The Central Ministry and the Medical and Dental Councils of India have defended their so far denial of OBC reservation stating that the Supreme Court has not given any direction. The direction has to the given only by the Supreme Court, they argued at Madras High Court.
As per the intricacies analysed by the author in the book, Madras High Court has delivered the verdict that there is no need for the apex court to direct. The Tamil Nadu State Act validated by the constitutional provision is already available. The OBCs are entitled to get reservation in All India Quota. Only the Centre has to finalise it by forming a committee with the participation of States.
But the author amplifies the fact that the formation of ‘All India Quota’ itself is misconception of law and Constitution. Demarcation and separation of powers in between the Legislatures, Judiciary and Executives is the vital basic structure of the Constitution that cannot be violated. ‘The Entry 32 in List II (State List) empowers the States to establish and regulate the universities. And Entry 44, List I (Union List) prohibits the Central government to establish and regulate a university…. under Entry 66, List I, the Central government gets the power only to fix the standards of medical education. That does not include the power to regulate admission of students to medical colleges as held by a FIVE Judge Bench of the Supreme Court in Modern Dental College Vs. State of Madhya Pradesh case. The constitutional provisions as well as subsequent pronouncement of the apex court reveal the fact that the formation of ‘All India Quota’ is unconstitutional.
Article 1 of the Constitution says ‘India …….. shall be a union of States’ that spells out the federal nature of India’s polity with due and exclusive governing powers to the States. Those powers cannot be deprived of by the interference and unilateral decision of the Centre. With the governing powers provided constitutionally, the States are formulating their policies and making progress. The progress made by the States should not be curbed by the Centre through any means which is nothing but unconstitutional.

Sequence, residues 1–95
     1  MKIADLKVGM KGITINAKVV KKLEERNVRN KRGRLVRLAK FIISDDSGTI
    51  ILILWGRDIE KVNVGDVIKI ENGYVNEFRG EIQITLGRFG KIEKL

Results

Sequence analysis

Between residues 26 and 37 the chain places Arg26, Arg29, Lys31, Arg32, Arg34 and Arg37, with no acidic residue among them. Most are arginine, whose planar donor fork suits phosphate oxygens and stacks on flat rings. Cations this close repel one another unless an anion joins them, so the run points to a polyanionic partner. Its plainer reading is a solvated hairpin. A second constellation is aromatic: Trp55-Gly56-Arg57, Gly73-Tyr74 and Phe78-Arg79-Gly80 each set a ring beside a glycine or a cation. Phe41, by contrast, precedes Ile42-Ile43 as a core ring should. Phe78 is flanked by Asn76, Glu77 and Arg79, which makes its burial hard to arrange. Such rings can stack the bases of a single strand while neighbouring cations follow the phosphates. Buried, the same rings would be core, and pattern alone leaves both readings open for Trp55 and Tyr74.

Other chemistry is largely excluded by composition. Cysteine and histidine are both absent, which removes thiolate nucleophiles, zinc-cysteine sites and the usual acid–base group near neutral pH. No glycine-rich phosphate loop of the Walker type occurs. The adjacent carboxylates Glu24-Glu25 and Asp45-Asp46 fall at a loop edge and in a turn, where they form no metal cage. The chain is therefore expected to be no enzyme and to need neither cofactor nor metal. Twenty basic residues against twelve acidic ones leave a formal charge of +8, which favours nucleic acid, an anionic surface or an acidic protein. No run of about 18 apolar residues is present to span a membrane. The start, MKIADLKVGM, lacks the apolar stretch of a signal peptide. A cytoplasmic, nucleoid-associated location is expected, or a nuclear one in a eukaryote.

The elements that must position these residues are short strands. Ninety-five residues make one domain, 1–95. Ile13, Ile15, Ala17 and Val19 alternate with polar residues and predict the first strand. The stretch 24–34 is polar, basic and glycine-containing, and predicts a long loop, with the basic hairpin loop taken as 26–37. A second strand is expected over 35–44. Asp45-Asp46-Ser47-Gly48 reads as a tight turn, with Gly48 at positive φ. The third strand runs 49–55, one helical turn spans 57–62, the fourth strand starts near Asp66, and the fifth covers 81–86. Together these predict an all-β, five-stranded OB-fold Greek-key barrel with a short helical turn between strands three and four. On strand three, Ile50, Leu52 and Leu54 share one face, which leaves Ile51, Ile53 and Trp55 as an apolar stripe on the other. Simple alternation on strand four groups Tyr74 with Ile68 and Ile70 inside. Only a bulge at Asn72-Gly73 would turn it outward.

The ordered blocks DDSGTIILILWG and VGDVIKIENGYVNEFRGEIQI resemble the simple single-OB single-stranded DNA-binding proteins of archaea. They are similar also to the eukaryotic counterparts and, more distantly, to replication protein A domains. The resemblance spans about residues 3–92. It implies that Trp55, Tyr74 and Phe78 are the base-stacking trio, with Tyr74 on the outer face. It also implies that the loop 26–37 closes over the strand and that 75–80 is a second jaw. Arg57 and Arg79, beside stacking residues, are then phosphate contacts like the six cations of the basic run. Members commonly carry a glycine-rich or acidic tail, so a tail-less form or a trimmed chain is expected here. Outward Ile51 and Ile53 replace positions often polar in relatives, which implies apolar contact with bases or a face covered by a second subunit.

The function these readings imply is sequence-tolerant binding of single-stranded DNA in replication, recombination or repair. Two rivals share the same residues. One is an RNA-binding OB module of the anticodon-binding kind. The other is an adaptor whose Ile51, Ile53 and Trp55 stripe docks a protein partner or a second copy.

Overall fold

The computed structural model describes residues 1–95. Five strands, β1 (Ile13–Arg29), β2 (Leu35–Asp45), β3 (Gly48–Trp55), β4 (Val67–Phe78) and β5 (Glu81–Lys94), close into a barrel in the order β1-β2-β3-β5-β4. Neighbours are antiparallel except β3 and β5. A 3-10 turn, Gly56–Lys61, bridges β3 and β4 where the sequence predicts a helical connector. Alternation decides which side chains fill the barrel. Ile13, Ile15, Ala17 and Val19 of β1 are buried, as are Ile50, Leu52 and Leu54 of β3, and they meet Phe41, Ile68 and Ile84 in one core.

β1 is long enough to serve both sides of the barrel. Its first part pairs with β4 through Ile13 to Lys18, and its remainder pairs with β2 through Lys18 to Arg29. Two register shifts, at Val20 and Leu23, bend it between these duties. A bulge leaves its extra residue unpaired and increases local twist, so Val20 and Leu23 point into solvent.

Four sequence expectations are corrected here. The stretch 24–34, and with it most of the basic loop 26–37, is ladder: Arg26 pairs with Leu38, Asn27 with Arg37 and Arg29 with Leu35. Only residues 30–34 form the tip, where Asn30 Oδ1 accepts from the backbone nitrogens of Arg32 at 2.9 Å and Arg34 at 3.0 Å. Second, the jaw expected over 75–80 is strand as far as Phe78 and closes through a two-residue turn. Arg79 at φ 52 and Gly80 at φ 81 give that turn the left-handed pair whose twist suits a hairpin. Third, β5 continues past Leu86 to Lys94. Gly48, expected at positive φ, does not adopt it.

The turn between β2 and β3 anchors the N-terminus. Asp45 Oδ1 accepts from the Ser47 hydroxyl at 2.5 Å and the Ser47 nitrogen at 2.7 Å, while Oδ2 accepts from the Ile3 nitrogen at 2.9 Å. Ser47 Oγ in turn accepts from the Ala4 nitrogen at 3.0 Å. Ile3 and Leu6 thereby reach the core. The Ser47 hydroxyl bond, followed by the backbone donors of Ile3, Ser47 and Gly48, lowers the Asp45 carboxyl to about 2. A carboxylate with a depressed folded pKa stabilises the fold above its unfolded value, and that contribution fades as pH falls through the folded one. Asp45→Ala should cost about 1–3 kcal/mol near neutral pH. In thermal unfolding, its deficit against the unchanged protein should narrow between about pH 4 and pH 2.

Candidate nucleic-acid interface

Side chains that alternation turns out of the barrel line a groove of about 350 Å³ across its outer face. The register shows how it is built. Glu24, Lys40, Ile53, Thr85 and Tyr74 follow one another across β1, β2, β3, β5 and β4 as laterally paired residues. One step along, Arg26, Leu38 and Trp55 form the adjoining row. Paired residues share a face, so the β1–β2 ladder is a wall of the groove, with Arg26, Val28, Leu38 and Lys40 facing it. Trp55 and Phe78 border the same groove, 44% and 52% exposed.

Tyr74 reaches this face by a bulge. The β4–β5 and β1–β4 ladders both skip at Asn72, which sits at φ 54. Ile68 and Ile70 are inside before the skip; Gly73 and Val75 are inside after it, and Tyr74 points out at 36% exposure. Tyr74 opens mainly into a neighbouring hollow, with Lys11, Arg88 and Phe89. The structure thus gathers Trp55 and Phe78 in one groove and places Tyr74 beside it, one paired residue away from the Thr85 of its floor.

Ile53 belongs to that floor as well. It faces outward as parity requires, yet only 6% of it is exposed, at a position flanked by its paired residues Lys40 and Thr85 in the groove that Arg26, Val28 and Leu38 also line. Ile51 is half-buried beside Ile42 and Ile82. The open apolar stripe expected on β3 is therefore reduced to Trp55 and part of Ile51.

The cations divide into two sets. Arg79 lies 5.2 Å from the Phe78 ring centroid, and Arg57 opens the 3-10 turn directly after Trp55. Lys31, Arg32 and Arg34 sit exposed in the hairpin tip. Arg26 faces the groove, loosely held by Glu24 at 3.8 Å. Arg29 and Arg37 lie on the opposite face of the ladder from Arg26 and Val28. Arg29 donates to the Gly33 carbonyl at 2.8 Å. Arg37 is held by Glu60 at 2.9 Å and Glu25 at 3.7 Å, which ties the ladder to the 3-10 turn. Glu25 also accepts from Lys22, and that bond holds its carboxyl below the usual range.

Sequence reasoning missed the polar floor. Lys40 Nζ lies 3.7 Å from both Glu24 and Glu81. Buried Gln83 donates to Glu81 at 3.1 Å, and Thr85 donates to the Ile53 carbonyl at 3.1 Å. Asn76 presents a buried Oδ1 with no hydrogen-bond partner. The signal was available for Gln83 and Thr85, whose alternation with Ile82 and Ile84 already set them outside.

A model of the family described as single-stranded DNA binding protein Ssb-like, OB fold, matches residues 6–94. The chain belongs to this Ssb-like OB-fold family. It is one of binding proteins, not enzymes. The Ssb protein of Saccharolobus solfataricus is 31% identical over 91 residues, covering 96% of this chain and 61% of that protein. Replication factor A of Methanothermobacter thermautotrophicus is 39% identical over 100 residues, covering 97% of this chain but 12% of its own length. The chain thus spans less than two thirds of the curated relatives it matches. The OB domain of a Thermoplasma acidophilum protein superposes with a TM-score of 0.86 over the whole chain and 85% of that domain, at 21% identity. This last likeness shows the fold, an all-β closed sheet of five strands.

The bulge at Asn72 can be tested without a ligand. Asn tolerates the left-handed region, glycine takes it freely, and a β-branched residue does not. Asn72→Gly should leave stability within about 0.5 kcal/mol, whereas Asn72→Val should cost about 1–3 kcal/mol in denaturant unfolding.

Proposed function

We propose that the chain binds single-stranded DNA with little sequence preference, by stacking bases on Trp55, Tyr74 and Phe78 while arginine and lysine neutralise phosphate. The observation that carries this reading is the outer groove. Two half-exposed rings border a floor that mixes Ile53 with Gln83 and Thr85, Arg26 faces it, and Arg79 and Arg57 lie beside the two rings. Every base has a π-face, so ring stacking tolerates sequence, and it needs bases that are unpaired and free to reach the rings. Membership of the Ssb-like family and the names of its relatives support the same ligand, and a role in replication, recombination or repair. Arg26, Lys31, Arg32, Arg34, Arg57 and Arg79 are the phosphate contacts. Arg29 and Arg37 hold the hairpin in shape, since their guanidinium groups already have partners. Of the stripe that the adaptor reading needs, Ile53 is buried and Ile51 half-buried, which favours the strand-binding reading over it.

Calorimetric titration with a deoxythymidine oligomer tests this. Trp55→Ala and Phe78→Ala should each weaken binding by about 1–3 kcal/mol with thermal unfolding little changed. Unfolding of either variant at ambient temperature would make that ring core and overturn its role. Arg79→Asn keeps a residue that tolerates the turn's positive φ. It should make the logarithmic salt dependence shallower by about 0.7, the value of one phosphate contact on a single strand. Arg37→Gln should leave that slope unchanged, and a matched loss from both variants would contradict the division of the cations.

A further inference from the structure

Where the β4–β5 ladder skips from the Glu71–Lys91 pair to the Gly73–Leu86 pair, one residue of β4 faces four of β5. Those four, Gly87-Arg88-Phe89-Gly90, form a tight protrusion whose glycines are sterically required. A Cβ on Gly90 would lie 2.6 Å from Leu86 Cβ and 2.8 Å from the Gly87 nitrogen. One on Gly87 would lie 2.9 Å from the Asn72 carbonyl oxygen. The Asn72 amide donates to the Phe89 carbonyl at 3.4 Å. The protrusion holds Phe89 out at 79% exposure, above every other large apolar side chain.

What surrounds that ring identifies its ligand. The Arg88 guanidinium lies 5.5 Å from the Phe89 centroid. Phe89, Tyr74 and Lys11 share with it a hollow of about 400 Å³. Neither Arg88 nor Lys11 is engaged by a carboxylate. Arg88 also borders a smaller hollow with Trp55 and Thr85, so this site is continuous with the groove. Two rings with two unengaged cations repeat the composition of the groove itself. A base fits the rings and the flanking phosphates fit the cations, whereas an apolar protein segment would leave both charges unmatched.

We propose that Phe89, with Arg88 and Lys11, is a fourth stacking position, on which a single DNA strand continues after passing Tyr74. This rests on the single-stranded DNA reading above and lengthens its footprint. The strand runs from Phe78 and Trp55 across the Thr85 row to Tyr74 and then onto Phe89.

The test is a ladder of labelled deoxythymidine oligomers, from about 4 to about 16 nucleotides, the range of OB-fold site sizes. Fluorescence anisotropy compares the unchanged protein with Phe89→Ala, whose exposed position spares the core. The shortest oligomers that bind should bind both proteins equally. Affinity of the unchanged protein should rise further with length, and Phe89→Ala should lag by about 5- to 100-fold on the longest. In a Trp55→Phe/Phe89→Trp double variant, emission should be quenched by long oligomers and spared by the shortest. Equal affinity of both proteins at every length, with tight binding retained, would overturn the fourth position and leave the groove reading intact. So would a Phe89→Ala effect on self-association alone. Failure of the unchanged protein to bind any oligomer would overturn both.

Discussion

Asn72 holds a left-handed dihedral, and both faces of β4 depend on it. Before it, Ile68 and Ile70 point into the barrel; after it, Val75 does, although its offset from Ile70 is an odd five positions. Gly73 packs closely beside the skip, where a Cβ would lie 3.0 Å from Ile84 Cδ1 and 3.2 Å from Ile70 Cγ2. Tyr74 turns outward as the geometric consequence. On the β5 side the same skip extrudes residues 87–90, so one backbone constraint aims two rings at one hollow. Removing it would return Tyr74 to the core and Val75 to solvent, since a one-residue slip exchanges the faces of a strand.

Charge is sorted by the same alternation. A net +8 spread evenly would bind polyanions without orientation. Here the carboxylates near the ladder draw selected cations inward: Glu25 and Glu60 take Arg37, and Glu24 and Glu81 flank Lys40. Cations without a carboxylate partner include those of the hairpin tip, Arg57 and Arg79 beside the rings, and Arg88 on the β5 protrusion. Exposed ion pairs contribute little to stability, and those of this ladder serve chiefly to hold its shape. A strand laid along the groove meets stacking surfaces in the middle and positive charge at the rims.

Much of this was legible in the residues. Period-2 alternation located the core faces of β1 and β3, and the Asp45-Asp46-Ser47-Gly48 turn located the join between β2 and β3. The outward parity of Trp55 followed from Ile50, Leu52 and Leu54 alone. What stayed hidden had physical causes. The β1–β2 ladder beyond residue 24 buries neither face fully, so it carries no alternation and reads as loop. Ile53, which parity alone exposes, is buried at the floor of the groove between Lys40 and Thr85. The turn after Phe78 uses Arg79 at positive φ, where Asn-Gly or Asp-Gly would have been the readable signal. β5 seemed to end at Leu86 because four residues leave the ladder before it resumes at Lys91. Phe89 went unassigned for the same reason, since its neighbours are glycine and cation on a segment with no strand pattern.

One such encroachment by the Centre in the Governance territory of States is creation of ‘All India Quota’ in Medical Colleges. Establishing Medical colleges with the State exchequer, contributing the seats to the Centre for AIQ, appealing for the adherence of State reservation policy in the contributed seats and the so far denial of reservation for OBCs are nothing but blatant inference in the governing affairs of the State by the Centre. It is nothing but making mockery of the Constitution. Rulers who owe their respect and allegiance to the Indian Constitution should not break their taking oath of office.
The author has highlighted the inadequacy in the understanding of the letter and sprit of Indian Constitution by all the pillars of our democratic polity. With his acumen in the Constitutional Law of the country, coupled with the rich experience of discharging the service as High Court judge, many issues have been discussed and narrated to make the readers in all walks of life who evince concern for the proper governance in the country.
The excerpts of the various judgments by the Supreme Court have been annexed in the book and to that extent the searching time by the readers have been saved. The book by Dr. Justice A.K. Rajan is a value addition to the library of everyone especially the personnel in the higher judiciary, the executive and legislature who are directly associated with the issues discussed in the book. This is the master piece of micro analysis of the issue of dispensing social justice from legal and judicial angle.